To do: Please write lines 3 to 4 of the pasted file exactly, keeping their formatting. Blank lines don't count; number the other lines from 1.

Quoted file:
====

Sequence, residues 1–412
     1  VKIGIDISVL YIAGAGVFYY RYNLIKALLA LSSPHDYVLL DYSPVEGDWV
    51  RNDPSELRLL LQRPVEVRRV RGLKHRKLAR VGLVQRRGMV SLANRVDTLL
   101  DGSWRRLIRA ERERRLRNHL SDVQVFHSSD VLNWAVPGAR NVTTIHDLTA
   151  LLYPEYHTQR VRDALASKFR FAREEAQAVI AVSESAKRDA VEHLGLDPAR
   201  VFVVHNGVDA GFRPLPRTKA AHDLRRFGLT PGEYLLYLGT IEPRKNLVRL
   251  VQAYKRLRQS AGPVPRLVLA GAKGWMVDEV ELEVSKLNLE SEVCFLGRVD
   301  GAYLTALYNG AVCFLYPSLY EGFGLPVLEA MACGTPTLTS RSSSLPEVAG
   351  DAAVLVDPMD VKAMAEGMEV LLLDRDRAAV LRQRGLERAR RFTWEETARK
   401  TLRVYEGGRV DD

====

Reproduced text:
    51  RNDPSELRLL LQRPVEVRRV RGLKHRKLAR VGLVQRRGMV SLANRVDTLL
   101  DGSWRRLIRA ERERRLRNHL SDVQVFHSSD VLNWAVPGAR NVTTIHDLTA